@waltertangofoxtrot: so, if oil companies raise prices, are you asking them to shave profit margins simply to deliver cheaper gas to joe consumer? you're neglecting to consider the fact that record profits are achieved because:

1) upstream prices go up do to speculation, trading, exports, etc.;
2) higher prices at the pump (downstream) due to larger cost;
3) static margin on higher prices here leads to higher profit...even if they're disproportionately priced higher do you expect them to accept a shrinking margin simply to look out for customers' bottom line...especially in a mostly inelastic demand scenario?


@pinchecat: It's not about shaving profit margins to benefit the customers.

1) Are the oil companies involved in insider trading to make the market fluctuate to jack up prices? That is not only unethical, it's illegal.
2)The prices for the crude itself hasn't changed.
3) Record profits ensue because the margin isn't static, it's because prices have risen while costs have stayed static.

BTW, Shell here was $4.23. I predict that when it gets to $3.89 (up from $3.69, last week) all the sheeple will acclaim that at least it's not $4 anymore.


Gas under $3/ gallon? What's that like? Both my vehicles require Premium, so I don't even look at how much gas costs, I just close my eyes and take it. I barely remember when I paid less than $3.00 / gal for Premium, but that didn't last too long. Right now I'd be thankful for Premium coming in at sub $3.50 / gal. I think it was actually $3.45 a week or two ago. Go figure.


It went from $2.89 to $3.17 here yesterday.


WE don't explore or drill for oil (for example, Gulf of Mexico - where China, Venesula, Mexico are all drilling offshore), we're "regulating" domestic refining (example, the Canada pipeline 'regulations' referred to in the 'payroll tax cut' leglislation).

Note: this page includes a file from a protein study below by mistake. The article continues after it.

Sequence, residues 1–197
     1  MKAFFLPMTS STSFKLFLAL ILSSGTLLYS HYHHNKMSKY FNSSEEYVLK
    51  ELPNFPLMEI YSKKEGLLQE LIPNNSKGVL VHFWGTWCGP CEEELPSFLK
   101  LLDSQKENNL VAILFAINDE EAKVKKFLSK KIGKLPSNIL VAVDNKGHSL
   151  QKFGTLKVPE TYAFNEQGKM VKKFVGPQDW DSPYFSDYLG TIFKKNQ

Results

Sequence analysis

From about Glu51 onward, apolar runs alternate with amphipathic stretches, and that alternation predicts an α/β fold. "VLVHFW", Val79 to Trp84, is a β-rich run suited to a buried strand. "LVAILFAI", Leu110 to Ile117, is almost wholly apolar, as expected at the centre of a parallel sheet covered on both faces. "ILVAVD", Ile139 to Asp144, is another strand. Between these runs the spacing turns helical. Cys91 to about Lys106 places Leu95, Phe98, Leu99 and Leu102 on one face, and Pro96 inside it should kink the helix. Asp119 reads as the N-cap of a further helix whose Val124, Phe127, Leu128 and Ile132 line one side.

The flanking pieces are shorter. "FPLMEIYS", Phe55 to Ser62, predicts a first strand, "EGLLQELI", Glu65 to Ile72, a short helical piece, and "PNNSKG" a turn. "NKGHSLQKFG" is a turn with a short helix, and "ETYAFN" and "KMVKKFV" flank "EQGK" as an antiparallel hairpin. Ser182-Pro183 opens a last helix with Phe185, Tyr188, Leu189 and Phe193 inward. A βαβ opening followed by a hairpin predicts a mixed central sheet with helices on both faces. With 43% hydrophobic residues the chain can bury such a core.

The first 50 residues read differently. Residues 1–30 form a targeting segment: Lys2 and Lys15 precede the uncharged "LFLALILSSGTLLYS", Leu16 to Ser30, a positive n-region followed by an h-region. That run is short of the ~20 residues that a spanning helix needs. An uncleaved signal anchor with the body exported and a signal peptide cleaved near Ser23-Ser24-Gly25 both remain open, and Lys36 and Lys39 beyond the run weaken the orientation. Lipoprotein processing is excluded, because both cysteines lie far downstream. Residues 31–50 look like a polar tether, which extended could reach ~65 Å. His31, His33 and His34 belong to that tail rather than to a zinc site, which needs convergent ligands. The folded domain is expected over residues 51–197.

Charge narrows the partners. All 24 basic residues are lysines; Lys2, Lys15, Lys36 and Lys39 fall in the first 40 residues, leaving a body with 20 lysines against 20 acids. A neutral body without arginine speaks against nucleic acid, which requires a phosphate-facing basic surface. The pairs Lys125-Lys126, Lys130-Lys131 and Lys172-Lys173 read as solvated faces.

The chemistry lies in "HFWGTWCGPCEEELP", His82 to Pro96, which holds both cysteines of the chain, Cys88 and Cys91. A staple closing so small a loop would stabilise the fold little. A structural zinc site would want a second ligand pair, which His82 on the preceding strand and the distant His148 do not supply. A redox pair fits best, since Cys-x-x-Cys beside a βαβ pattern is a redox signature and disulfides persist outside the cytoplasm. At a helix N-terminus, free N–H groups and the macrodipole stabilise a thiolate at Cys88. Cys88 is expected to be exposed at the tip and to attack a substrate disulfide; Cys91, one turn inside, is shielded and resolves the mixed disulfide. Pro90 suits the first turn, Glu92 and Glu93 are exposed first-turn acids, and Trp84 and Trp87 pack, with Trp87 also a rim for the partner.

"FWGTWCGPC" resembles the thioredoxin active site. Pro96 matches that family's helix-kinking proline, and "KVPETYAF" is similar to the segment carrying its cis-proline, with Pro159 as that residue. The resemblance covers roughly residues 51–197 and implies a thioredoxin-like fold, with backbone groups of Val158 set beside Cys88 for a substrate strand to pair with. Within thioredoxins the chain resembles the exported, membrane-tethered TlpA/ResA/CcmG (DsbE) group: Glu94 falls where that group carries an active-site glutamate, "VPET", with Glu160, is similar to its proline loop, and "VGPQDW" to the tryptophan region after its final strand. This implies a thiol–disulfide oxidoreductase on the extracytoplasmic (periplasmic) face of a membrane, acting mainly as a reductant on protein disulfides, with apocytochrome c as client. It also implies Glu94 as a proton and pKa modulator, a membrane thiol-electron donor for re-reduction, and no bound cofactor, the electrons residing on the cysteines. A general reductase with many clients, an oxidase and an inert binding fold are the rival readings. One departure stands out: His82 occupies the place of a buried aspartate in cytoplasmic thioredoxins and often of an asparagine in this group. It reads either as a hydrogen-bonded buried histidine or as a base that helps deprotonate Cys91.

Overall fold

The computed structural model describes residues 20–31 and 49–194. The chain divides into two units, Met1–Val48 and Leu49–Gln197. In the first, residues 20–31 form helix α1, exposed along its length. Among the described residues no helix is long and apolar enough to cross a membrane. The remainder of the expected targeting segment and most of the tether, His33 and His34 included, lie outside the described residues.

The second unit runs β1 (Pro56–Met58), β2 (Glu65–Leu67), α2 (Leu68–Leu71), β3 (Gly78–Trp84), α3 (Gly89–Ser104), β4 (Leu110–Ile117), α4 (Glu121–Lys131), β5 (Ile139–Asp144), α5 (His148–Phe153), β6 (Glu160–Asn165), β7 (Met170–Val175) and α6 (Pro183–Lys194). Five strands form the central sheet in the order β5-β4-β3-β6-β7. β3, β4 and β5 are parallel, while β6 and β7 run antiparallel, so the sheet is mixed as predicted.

Iran is making a statement about how they can control oil transport from the Middle East - since we have no choice, we end up paying more...

I'd expect the news media to serve this up as an election policy issue - we won't have solar cars (and where does electricity for rechargable cars come from ?). Meanwhile OPEC laughs at us, all the way to the bank !


25 cents in 24 hours in the N.Fla area.


It's been $3.69 here in Seattle for a while. Can't wait to see what it jumped to. Fortunately we have a decent bus system here and my company provides free bus cards, so I only have to fill up every month or so.


I saw only a $0.05 increase from yesterday to today but we were already around $3.59 per gallon before this increase

vote-for2vote-against,0,4424050.story did not read story or all comments but check it out (it was on radio yesterday) Running late or I would not be so lazy.


My Grandpa called and said his went up about 20-25 cents in his area of Missouri.
I haven't noticed it here in Houston, as I'm glad I filled up Monday.


@caffeine_dude: Now if the government could just mandate the removal of ethanol from gasoline... That would be the day.


I have no idea. I buy gas once every 2 weeks. The price doesn't bother me much.